Effective Communication

Words Speak Louder Than Actions

actions words

You’ve got a bold vision. You’ve hired smart people. So why do you, and your team, seem uninspired to reach the heights you’ve imagined?

It might be how you are communicating.

How you talk to your team has a big impact on how well you can lead them. Most leaders spend a lot of time crafting a vision and detailed plans for execution. But they fail to communicate effectively and consistently–that is, in a way that is really heard by people. Kristi Hedges, a leadership consultant and author of The Power of Presence, refers to this as having your message “received.”

She offers four suggestions to improve the messages you are sending by building trust, being authentic, and being bold.

Increasing Rewards and Minimizing Threats. Because people are innately afraid of change, you have to make them feel safe. “You’ll have the best reception if you consider the universal triggers that cause defensive reactions in others: threats to status, certainty, autonomy and fairness,” says Hedges. Try to reassure people in all those areas, letting them know their jobs are secure, how decisions are made, and clear expectations for their roles.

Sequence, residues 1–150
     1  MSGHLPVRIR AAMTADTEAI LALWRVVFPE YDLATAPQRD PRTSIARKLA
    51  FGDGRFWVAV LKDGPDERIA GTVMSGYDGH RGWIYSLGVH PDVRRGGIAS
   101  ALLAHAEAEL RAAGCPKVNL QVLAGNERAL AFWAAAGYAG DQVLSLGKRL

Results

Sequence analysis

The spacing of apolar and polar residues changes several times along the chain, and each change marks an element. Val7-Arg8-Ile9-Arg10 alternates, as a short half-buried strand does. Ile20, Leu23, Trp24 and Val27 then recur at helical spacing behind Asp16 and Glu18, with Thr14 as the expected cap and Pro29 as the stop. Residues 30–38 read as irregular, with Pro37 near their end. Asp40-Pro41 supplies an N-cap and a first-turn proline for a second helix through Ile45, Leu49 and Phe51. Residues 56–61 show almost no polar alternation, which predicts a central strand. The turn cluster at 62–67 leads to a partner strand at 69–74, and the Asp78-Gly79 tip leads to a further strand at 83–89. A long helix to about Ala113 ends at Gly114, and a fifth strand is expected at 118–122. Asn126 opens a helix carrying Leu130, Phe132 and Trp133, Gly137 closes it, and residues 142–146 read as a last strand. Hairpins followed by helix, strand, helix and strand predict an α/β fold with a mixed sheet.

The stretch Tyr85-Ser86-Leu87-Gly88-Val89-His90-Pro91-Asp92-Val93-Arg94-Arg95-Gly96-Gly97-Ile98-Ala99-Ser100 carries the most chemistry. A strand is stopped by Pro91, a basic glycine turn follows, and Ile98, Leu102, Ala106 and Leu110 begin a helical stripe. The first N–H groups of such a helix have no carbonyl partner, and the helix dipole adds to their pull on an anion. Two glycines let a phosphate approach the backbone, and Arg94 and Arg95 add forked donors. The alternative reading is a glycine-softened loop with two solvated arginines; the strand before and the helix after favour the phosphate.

Declarations. Many workplaces have devolved into cover-your-butt memos, a dozen people copied on emails so everyone seems accountable, and similar survival strategies. In an insecure economy and corporate culture, many managers use hedging as a their communication strategy. If you are using words such as, “if,” “might,” and “maybe,” as a means of being less accountable, you’re undermining your authority. If you want to inspire others, make clear, confident declarations. Says Hedges: “Instead of ‘If everything goes our way, we can hit our quarterly number,’ say, ‘We will hit our number this quarter.’”

Stories. The brain likes stories, so good leaders find ways to bring stories into their communications. “Stories help people know and understand your values—and that increases trust.” They help convey information, but what they reveal about who you are and how you think also makes a leader seem more authentic. “You are most authentic when you are telling a story,” says Hedges. Stories shouldn’t ramble or have no clear purpose. Make your stories brief, include common points of reference or emotion, and show obstacles and results.

Daring. Don’t be afraid of being interesting. You want to be someone who catches people’s interest, after all. Playing it safe or communicating in vague general statements just makes you dull. “As a leader, you are often in the spotlight, so it benefits everyone if you learn to play on a bigger stage.” A little shock value, an aspirational vision, an unusual stance on an issue help you stand out as an inspiring leader.

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